Finally, between a combination of the author writing a letter  to the owner of Amazon and various and sundry fans making a discovery or two, and posting their findings online, we found out the Earth was flat. And that if we deleted the file from our reader, then all of the operating software, reformatted the disc, reinstalled Windows 386 and subsequent upgrades, returned our systems to the store providing all original warranty information, and developed a carbon-neutral lifestyle, we would have tremendously over-reacted, because it just required we contact Amazon using the 'contact us' link, then entered chat mode, a helpful Company Failure Apologist would push the file through to us, and we could read installment three.

In the meantime, though...and, in this case, it turned out to be really MEAN time...there happened to be customers who were NOT happy with their luggage being lost. And they said mean things, prevention of which is the FIRST job of the  CSR/CFA. And, it likely had an impact on sales, a matter of small concern to Amazon, but great concern to Sam Schall/Amanda Green.

(And I'm ALMOST at the point of reviewing the book. I just need to fill in the last bit about why I'm blogging instead of just reviewing.)

Yes, there IS likely to be some economic impact due to the book being lost for a week. HOWEVER, an author cares more for the fans than as just revenue sources. Authors tend to fall in love with their fan base, and desire greatly not to disappoint them (it's a rather sick relationship, actually). And so, when due to circumstances beyond her control, a small element of her fans turned on her, however briefly, it was a bitter experience for Sam / Amanda. And thus, I write this, as a Customer Representative. Not a Customer SERVICE Representative, but as a representative of the customers. And it is my belief that as a group, we understand that our luggage was lost through no evil intent of the author, but that sometimes stuff happens. And that we will continue to fly the friendly skies of Sam Schall / Amanda Green / Ellie Ferguson / Bodacious Werewolf and are, in fact, looking forward to the next flight. Thus endeth the first part. What follows is the Amazon review.

"Honor From Ashes" is the third installment in the "Honor and Duty" series, and it's the payoff punch we have all been waiting for. I am DELIGHTED to say that there really isn't anything substantial left on the table, although there is room for the series to grow.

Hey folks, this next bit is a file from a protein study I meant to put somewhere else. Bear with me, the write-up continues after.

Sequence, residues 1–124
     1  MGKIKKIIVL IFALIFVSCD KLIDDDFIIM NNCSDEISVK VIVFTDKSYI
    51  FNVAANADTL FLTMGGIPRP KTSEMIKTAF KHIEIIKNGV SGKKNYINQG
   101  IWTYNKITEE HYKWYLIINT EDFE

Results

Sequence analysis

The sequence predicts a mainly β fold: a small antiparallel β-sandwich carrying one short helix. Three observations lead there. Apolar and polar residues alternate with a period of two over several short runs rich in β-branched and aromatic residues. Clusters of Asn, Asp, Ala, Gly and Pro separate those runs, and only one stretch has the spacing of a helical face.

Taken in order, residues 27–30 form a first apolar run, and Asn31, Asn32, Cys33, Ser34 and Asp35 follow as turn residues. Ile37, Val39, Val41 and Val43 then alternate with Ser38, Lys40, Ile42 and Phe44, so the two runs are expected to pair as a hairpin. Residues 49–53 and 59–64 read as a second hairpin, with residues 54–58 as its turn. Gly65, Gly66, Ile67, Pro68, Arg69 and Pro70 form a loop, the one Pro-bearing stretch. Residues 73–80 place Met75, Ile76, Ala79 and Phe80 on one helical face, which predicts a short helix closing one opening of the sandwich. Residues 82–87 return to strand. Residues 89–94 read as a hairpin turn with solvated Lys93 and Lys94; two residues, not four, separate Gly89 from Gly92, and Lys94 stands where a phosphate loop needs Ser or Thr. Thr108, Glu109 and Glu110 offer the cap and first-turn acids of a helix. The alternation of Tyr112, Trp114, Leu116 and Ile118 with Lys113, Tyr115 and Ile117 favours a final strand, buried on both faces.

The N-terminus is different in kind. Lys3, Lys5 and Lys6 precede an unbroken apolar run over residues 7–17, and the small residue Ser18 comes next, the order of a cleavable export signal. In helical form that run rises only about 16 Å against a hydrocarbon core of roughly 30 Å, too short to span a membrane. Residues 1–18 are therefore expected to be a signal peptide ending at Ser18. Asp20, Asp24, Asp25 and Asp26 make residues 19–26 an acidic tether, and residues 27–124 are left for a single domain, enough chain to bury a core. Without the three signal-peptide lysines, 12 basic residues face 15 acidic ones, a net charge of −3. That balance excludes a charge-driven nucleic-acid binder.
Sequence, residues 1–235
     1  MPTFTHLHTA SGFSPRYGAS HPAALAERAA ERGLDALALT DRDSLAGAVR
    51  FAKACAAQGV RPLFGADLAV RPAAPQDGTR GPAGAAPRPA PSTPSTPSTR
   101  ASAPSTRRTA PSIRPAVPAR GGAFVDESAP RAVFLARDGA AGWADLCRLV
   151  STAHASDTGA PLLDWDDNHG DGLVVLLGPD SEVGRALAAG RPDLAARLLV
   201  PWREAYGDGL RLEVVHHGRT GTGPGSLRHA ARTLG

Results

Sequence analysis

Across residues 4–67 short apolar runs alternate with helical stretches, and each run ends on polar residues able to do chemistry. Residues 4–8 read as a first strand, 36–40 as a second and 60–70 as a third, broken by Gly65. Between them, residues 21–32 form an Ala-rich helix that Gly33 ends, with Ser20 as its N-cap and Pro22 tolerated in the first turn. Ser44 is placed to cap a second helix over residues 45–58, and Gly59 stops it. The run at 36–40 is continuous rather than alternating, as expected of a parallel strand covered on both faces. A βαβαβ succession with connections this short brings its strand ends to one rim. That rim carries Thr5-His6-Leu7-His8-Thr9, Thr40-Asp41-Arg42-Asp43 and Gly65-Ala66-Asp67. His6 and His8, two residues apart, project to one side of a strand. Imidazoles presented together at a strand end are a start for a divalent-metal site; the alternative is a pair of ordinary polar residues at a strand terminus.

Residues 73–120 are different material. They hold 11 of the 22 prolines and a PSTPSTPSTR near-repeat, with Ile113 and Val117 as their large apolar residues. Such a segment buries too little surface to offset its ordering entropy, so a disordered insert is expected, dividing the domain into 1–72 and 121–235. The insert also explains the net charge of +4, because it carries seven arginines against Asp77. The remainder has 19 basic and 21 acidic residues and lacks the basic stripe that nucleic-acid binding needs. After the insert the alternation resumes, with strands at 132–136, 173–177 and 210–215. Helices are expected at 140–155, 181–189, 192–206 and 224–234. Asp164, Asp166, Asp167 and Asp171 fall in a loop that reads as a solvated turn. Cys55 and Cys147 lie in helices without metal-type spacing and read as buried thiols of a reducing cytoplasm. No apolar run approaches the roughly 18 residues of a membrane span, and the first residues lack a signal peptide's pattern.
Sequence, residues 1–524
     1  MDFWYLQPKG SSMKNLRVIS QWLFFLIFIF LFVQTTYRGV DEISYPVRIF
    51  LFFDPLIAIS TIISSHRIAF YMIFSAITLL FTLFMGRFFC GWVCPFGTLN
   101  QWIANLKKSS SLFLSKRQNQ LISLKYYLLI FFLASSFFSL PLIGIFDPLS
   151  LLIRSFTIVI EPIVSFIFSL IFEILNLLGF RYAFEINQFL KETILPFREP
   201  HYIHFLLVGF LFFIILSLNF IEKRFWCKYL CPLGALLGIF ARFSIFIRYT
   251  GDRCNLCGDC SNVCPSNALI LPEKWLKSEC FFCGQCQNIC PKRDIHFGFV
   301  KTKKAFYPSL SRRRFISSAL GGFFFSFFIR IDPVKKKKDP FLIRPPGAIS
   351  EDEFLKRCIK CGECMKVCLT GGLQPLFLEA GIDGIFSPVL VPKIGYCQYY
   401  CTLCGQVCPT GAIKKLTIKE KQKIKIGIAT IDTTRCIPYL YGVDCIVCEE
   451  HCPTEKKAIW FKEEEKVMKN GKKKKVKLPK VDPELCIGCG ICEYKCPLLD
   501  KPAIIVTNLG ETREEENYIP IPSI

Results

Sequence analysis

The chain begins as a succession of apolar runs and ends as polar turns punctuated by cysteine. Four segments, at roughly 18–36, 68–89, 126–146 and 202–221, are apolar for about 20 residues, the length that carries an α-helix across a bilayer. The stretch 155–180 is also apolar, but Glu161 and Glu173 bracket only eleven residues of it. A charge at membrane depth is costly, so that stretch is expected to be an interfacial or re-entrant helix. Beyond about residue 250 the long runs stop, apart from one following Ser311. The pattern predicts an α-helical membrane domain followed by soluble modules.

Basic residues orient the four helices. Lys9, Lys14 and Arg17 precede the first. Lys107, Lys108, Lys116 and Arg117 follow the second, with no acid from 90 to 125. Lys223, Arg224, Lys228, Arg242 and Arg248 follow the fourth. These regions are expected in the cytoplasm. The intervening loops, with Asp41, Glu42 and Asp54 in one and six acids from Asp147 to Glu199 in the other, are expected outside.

For reason of life, I did not go back and re-read the first two books in the series, but that really wasn't necessary for a couple of reasons. First of all, The essence of the story is quite vivid: A woman sits in a prison cell, clinging to the hope that she will be rescued and avenged; and then, it happens, and she is restored to command of the Space Marines she loves. That's a remarkable over-simplification, but it's enough for me to tie this third book into the right context. The second reason it wasn't necessary for me to go back is because the author did an excellent job of summarizing the pertinent events in the earlier works, and did so without giving over the first part of the book into a re-hash.

Marine Lt. Col. Ashlyn Shaw has been able to prove she was set up for false charges, and those who were primary agents in the deception are under guard and awaiting trial. Although none have confessed, there is sufficient evidence, coupled with Shaw's testimony, to make the outcome of the cases as sure a thing as it ever gets. However, two items are not resolved satisfactorily. First, the reason behind the frame job hasn't been revealed, and second, Shaw is required to be available as a witness in the trials, and therefore can't be leading her Devil Dogs in  combat.

Wonderful, wonderful character point: Ash HATES the restriction, but doesn't fight against it, because she knows it is her duty. I am SO fracken OVER the alleged hero who can't restrain a thirst for blood vengeance long enough to attend to the non-gory aspects of their job.

The enemies have their hands deep into Shaw's world, but once the head is lopped off, the tentacles are easy to kill. It's rather satisfying to see that happen: convoluted, long-established plots disintegrate, conspirators turn on one another, and the good guys win, and the bad guys lose. Part of the reason for that, frankly, is loyalty. In one system, duty is compelled through coercion; in Shaw's system, personal example and high expectations are linked, and the result is troops who devote themselves to getting the job done and supporting each other.

Top quality work; buy it now!

1 comment:

  1. Thanks, Pat. Great review -- as always. BTW, because of the snafu, I am going ahead and writing Victory from Ashes as we speak. It should be out in a couple of months.